A new study has found evidence that at least one type of dinosaur may have been an adept swimmer, diving into the water like a duck to stalk its prey.
the study, Posted in Biology of Communications On December 1, he described a newly discovered species, Natovenator polydontus. The theropod, or hollow-bodied dinosaur with three fingers and claws at each end, lived in Mongolia during the Late Cretaceous, between 145 and 66 million years ago.
Scientists from Seoul National University, the University of Alberta and the Mongolian Academy of Sciences collaborated on the paper.
The researchers noted that the nattovenator had streamlined ribs, like those of diving birds.
“Its body shape suggests that Natovenator was a predator capable of swimming, and that the streamlined body evolved independently in separate lineages of theropod dinosaurs,” the authors wrote.
The natovinator specimen resembles Halszkaraptor, another dinosaur discovered in Mongolia, and scientists believe it was likely semi-aquatic. But the Natovenator specimen is more complete than Halszkaraptor, making it easier for scientists to see the streamlined shape of its body.
The researchers explain that both Natovenator and Halszkaraptor used their arms to propel themselves through the water.
David Hone, a paleontologist and professor at Queen Mary University of London, told CNN that it’s hard to pinpoint exactly where Natuvinator falls on the spectrum, from all terrestrial to fully aquatic. But he said the arms in the sample “look like they’re going to be pretty good at moving water.” Hon participated in a peer-reviewed study on the biology of communication.
Additionally, Natovenator had dense bones, which are essential for animals to dive below the surface of the water.
As the authors write, it had a “relatively hydrodynamic body.”
Hoon said the next step would be to model the shape of the dinosaur’s body to help scientists understand exactly how it moved. “Is he paddling with his feet, a bit like a dog paddle? How fast can you go?»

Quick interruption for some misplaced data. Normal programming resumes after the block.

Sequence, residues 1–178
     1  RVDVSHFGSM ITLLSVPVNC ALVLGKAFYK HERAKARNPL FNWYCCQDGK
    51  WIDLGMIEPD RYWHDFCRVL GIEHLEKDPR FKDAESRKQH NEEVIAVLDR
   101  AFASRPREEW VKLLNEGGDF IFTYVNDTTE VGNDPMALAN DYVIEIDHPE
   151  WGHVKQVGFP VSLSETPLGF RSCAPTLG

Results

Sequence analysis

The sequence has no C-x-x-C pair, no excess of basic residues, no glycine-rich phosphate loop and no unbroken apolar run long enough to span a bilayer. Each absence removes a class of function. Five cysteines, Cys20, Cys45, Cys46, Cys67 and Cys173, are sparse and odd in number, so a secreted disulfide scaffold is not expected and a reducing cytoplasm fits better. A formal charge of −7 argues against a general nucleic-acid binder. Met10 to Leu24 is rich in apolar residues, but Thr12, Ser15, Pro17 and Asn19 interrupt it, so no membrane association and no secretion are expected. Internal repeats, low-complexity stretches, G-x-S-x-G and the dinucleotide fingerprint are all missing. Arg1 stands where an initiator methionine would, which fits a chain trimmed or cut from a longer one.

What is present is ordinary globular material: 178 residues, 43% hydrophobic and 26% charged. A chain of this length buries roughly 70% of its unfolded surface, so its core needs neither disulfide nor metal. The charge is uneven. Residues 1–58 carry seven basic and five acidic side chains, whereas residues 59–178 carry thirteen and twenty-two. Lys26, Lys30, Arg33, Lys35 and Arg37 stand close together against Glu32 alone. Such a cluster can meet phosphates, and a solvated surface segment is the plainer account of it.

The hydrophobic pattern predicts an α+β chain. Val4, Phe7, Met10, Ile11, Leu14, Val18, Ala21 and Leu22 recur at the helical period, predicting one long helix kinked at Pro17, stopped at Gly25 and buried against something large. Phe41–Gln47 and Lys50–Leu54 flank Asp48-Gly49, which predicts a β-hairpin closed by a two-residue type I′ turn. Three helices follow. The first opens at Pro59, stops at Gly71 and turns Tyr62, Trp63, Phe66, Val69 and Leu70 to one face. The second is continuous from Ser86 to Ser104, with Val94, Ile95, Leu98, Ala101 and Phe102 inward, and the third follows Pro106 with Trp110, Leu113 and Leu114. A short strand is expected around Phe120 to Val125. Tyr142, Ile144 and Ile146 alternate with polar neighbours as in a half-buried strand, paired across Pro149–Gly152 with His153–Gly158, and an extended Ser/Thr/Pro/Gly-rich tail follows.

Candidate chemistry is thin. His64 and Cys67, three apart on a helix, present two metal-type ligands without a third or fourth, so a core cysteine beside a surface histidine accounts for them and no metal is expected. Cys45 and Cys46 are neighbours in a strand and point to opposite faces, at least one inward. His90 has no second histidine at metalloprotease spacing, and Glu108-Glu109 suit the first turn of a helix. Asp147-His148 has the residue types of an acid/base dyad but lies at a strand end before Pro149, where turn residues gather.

Further research should also look at the environment in which the Natuvinator lived. The specimen was discovered in the Gobi desert in Mongolia, but there is evidence that lakes and other bodies of water existed in the desert in the past.
“There’s a real question, well you have a dinosaur swimming in the desert, what is it swimming in?” He said. “Finding the fossil record for those lakes is going to be hard, but sooner or later we might find one. And when we do, we might find a lot of these things.”
Nizar Ibrahim, a senior professor of paleontology at the University of Portsmouth, whose research includes findings indicating that Spinosaurus was likely semi-aquatic, told CNN that he is still not fully convinced by the study’s findings. He argued that a more rigorous quantitative analysis would have made the results more convincing.
“I wanted to see, for example, a really robust description of bone density, the bone histology of an animal, within a larger data set,” he said. “Even the anatomy of the ribs, if they put it into a bigger picture, the massive data set that would have been useful.”
He said that “the anatomical evidence is less clear” for a swimming nattovinator than it is for Spinosaurus.
And like Hone, he’s also curious as to exactly what waters the Natovenator might have been swimming in. “The environment this animal was found in, in Mongolia, is somewhat the opposite of what you would expect for a water-loving animal,” he said.
But he hopes the study will help open the door to broader insights into dinosaur behavior. Dinosaurs were once thought to be purely terrestrial, but mounting evidence suggests that at least some species spent as much time in the water as they did on land.
“I’m sure there will be many, many surprises,” Ibrahim said. “And we’ll find out that dinosaurs have not only been around for a long time, but they’re also, you know, very diverse and very good at conquering a new environment.”